Bille August’s style seemed very unusual while I was watching Les Misérables.

Yes. Bille August was very caring, very supportive, and I think that’s a brilliant aspect of a director. They cast you. They think you are the person who can play the role, in that case, it was ‘Marius’ and they just kept behind you. It is almost like a manager, a football manager with his player. Even when you don’t believe in yourself, they’ve somehow got your back. Do you know what I mean? That is really nice to know when you really feel you can fail and you are okay. It’s not like you are going to fail and they go, “Right, I’m getting another actor”. It’s just nice to know that because we are human, we like to feel that we do not always have to be getting it right.

Failure is the best medicine.

It can be. It can be, you know, liberation or a gateway into true collaboration with the director. You can kind of really start to work together as a team. Sometimes you have to go through it a little bit, but it’s not always – getting to know people is not always easy. But you have got to be prepared to go through that, it may be. 

Was Les Misérables your breakthrough moment? Or was it really Mojo or Tube Tales?

I think it’s all of them, really. I would say Mojo was probably a real breakthrough, because straight away I was in the heart of a London theatre with some really great actors and a great writer – learning my craft from some really good actors and Ian Rickson directing. In fact, it would be quite important for young actors to be amongst these kinds of people when they are starting, because you do learn a lot. I just had a very small part in the play, but I was watching how people did their job and it was a learning experience. I was kind of guided by these guys.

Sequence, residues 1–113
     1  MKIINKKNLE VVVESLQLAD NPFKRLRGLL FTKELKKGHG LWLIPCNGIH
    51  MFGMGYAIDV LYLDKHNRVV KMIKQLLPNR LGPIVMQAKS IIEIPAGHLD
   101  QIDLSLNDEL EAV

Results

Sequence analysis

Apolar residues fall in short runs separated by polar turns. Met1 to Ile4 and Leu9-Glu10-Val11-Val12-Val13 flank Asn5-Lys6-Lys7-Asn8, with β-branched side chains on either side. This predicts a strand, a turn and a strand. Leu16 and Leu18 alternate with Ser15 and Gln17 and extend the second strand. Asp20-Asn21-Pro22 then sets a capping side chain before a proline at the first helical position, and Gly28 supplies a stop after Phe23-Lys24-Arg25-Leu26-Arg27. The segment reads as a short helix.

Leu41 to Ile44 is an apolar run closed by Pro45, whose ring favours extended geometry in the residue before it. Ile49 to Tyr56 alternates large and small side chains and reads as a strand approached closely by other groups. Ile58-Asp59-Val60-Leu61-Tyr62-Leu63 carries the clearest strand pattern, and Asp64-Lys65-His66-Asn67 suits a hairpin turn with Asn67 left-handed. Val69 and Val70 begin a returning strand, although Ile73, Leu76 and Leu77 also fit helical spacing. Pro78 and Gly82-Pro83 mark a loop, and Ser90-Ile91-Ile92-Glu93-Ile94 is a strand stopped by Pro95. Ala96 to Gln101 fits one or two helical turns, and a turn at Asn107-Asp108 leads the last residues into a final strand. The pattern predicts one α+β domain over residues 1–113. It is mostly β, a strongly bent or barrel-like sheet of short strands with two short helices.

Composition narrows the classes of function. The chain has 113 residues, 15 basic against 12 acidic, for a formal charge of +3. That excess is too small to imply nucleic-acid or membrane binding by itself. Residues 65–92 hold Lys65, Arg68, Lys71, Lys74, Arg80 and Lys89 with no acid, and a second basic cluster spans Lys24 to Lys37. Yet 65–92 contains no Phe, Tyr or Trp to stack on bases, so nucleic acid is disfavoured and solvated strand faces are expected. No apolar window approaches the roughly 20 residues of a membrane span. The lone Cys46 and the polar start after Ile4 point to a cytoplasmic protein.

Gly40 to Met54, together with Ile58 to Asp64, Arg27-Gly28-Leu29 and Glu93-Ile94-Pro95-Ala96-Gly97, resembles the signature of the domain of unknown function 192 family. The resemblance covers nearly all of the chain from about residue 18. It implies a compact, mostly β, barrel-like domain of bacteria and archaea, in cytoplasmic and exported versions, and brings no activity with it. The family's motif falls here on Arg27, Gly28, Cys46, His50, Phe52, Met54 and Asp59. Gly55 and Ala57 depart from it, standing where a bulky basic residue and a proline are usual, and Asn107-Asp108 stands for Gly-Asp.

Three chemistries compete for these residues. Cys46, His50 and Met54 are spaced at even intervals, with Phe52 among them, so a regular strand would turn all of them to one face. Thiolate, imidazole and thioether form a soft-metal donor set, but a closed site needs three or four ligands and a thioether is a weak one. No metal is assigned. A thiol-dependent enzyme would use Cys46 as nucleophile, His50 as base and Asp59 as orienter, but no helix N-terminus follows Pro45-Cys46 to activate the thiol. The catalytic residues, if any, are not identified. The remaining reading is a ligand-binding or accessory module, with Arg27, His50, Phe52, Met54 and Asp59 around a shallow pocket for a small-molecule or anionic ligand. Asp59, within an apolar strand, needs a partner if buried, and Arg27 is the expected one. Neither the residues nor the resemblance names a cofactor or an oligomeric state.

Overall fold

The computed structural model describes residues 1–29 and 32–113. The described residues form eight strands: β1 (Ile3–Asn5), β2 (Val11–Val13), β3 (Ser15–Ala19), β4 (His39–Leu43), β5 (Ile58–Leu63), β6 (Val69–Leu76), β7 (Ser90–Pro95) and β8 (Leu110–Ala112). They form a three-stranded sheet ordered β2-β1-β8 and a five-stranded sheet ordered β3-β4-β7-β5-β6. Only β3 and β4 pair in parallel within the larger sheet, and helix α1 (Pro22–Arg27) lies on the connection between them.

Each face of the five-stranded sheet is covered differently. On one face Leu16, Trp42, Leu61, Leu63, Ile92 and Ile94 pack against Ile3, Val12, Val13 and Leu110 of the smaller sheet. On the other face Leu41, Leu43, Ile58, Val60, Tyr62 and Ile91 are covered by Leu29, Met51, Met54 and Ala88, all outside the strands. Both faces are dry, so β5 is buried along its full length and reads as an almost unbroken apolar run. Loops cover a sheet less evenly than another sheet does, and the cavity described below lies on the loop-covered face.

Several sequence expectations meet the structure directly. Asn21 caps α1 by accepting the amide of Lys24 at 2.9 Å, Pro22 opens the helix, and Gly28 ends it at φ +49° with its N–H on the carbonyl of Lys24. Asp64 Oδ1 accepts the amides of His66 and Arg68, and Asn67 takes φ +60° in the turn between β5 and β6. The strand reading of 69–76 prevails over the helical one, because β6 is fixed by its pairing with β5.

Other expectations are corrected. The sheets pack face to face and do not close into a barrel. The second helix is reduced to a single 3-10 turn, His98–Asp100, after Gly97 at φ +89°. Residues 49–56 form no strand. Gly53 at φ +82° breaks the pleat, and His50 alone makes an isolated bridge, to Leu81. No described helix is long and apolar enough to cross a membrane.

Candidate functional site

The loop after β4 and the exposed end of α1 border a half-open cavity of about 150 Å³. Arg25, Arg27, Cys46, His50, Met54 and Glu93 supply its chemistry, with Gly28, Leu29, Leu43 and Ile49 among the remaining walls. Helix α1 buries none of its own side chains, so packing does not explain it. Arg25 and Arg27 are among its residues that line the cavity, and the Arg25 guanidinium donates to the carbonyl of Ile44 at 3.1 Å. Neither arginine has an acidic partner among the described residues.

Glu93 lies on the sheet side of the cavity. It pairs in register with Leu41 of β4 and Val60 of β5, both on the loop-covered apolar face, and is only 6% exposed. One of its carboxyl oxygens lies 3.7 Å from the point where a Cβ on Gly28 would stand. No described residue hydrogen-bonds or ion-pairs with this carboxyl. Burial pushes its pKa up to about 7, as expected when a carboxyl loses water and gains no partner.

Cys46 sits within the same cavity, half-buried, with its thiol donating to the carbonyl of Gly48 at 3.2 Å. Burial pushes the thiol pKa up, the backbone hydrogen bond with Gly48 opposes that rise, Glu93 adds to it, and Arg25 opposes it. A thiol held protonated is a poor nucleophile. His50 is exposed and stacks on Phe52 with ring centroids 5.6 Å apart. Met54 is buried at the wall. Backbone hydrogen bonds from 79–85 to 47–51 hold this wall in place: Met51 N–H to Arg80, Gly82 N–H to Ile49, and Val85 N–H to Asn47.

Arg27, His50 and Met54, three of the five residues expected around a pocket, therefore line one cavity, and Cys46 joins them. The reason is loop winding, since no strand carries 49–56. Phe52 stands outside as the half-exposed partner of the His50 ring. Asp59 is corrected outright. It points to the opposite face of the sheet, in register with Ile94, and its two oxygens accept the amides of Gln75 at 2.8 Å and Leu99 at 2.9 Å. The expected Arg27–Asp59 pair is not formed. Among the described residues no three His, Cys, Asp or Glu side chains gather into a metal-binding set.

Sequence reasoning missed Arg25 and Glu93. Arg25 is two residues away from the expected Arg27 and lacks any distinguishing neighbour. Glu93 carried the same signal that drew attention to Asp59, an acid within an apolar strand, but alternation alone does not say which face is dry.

Regarding Les Misérables, you had a great deal of visibility very, very quickly. Was it disorientating?

Certainly. I mean, to be honest with you, I was not that comfortable with myself at that stage in my life. I was only 21, something, I can’t actually remember.


So I am 44 now. Years. A long time ago.

Nonsense. It was yesterday. [Laughs]

It was! Yes, exactly. I am kind of quite glad in a way that I took a step away from things. There was a lot of expectation, [and] you were sort of told, “This is your moment. This is great. You know you’ve got to do this you’ve got to go there”. People pushing you towards things, but I had no idea who I was. I wasn’t comfortable enough in my own skin to be grounded. But the stuff outside of me, how it changed my position in the business and all of that kind of stuff. I would be coming out of drama college, which was quite a sheltered environment, but they teach you how to do things properly. You have to go through the creative process, takes time, and you don’t get to creative places necessarily very quickly. I mean, there is no absolute kind of way to these things.

No prescription. 

Absolutely. You were taught to do things properly and it’s in stages over weeks that you develop a character. In an audition, in the business, a lot of people expect you to arrive very quickly at heightened creative states. I’m not sure – some casting people do, but not all casting agencies and producers understand the craft. We don’t need to get to heightened creative states too quickly just read it, just read the scene simply from the page. There is nothing more to do. Let’s just get to know each other a bit. Do you know what I mean?

It doesn’t have to be an engineered process. Doesn’t have to be too many cogs in the wheel.

Once you get this feeling, this expectation that you somehow you feel the pressure that you have to get somewhere too quickly and it is just not possible. It’s not natural. I think they could actually do a study on the brain on how long it takes for you to read the lines of the script to where this becomes second nature. You are not thinking about the lines, you are able to use another part of your brain, which is very creative because you are able to think on many levels. You are not just thinking, “Fuck this,” then next line, because that’s not a creative set. That’s panic and you get through and people might think it is watchable. The potential for things to be discovered is lost. That’s the joy for me, the discovery of something new in the moment with the other actors and the director.